Little Atlantic puffin rescued on busy N.B. roadway
'It's definitely an unusual occurrence to find an Atlantic puffin this far inland,' wildlife expert says
An Atlantic puffin found itself in a bit of a bind after wandering onto a busy New Brunswick road, far from where the seabirds are supposed to be found this time of year.
David Gordon came across the puffin flapping around on the busy Coverdale Road in Riverview, near the Gunningsville Bridge, Thursday afternoon.
"My wife was like, 'That looks like a penguin,'" said Gordon, who darted out into traffic to rescue the bird after he and two other drivers swerved around it.
Gordon says he scooped up the puffin as it was flapping around and brought it into his car as it was clearly dazed.
"But there was no blood, no visible injuries that I could see," said Gordon.
Wary of the avian flu that's affecting some birds in the region Gordon said he and his wife changed their plans and decided to make a beeline for the nearest veterinarian. The bird sat in his lap, occasionally nipping at him, for the five-minute drive.
"Just little pecks, they didn't hurt," said Gordon. "He was looking out the window — almost like taking my cats for a drive."
He says he had no clue he was holding a puffin as he'd never seen one before.
They dropped the bird at the Riverview Animal Hospital where it was then taken to the Atlantic Wildlife Institute near Sackville.
"It's definitely an unusual occurrence to find an Atlantic puffin this far inland," said Pam Novak, the wildlife care director at the institute.
Novak said when they first got an email about a wayward puffin, she thought it was an auto-correct error and that they were discussing a pigeon. She calls this puffin a "rarity' and a "mystery bird."
"We have gotten, probably over the 27 years we have been here, not even a handful," said Novak.
Atlantic puffins are normally found in New Brunswick on the isolated Machias Seal Island in the Bay of Fundy. They breed there for a few months in the summer before heading out into the open Atlantic where they spend their winters.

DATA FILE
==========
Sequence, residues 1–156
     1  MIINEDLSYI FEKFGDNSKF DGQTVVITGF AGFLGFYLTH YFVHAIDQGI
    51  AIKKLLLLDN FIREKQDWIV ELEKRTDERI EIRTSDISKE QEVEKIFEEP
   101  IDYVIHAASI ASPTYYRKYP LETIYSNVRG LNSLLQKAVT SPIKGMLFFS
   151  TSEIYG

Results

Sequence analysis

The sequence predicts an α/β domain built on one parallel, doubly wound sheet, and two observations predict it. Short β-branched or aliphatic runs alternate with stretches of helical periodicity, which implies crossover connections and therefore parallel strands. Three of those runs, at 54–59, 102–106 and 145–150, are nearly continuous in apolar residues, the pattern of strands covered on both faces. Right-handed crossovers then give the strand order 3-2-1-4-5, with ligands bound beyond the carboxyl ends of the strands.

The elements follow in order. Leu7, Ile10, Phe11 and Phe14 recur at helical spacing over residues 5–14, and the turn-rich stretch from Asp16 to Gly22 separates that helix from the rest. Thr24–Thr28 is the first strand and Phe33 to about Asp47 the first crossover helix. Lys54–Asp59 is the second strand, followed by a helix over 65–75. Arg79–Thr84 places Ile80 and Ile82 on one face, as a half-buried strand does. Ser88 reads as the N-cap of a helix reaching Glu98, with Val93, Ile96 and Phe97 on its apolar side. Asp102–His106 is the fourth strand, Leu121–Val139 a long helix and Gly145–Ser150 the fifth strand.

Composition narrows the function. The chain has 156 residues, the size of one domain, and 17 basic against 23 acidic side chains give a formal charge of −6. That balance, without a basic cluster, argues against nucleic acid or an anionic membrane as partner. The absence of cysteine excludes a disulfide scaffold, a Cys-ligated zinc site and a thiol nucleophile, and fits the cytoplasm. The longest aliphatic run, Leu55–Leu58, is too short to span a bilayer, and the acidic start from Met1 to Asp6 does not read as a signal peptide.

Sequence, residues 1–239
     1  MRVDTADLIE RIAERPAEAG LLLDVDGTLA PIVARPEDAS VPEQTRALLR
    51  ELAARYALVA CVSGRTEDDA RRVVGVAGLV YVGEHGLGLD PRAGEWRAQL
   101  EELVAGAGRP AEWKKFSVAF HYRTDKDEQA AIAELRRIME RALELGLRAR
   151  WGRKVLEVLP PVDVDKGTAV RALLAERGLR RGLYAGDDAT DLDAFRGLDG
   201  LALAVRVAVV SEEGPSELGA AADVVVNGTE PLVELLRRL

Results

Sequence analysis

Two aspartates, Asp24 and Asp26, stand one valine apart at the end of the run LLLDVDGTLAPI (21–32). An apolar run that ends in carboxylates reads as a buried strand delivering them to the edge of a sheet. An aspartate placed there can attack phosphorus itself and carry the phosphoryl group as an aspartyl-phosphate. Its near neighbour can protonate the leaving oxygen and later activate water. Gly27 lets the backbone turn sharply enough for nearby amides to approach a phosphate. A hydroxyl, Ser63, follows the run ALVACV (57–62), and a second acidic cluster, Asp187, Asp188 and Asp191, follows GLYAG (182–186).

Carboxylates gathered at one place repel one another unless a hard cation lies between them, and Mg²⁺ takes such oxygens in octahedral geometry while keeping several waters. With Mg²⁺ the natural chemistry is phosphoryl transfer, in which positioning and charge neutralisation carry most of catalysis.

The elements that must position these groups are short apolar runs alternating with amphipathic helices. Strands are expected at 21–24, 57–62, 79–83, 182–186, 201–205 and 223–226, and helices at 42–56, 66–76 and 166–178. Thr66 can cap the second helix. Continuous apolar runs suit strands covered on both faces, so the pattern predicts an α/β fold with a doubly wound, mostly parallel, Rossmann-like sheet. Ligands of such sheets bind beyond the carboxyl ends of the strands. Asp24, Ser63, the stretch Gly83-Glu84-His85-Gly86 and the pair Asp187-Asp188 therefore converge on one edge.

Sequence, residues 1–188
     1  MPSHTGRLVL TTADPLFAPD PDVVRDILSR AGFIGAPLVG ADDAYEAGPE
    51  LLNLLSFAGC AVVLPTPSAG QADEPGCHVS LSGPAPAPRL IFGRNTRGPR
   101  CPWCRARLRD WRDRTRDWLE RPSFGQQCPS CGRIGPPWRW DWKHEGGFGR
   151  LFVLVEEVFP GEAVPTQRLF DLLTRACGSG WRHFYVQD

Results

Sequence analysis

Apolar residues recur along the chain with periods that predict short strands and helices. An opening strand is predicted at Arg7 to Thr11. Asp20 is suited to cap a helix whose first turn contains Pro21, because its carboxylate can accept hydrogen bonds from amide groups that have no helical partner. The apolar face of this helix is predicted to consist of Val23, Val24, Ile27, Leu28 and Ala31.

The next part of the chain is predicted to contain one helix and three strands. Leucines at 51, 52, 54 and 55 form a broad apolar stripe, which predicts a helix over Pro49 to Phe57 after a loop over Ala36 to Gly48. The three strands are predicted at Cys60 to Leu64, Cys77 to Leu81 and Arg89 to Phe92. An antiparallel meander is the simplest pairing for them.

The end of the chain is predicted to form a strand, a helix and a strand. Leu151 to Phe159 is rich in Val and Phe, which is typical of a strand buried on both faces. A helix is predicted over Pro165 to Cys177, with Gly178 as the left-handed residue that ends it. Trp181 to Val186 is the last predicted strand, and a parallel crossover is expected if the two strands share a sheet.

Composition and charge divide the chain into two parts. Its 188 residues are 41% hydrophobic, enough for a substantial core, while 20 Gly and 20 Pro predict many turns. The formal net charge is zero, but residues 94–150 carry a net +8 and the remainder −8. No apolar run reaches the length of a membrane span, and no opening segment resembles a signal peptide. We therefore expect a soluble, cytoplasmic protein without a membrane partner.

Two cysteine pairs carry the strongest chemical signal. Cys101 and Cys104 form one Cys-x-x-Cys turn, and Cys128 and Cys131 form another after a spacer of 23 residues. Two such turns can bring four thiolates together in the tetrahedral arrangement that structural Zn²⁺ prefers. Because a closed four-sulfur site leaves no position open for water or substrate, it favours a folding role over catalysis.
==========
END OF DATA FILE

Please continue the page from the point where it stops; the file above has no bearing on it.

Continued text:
To find an Atlantic puffin this far inland, especially in winter, is head scratching.
"It's odd, and I've been checking to see what other records there are, and there doesn't seem to be too many of finding them inland this time of year in late winter," said Novak.
As puffins are very social birds that live in colonies, Novak says she has been holding her breath waiting for more phone calls of lost puffins, perhaps indicating that a flock was blown off course from the ocean, but so far, it's only the single bird that's been called in.
The little puffin is, so far, in pretty good shape. Novak says it tends to look a little more drab than people might expect, but that's normal for this time of year. Their signature candy-corn-coloured beak brightens during mating and breeding season and becomes muted during the winter months.
She's not sure of the sex of the bird, but its wings and legs are fine and there don't seem to be any injuries from landing on the pavement. It's not malnourished and stands a good chance of being released back into the wild if it doesn't show any signs of hidden injuries in the days ahead.
"He's seemingly okay, so hopefully we can give him a clean bill of health soon," said Novak.
They'll release the little puffin by open ocean water, she said, ideally within a straight shot of Machias Seal Island, where it can hopefully find its way back to its colony.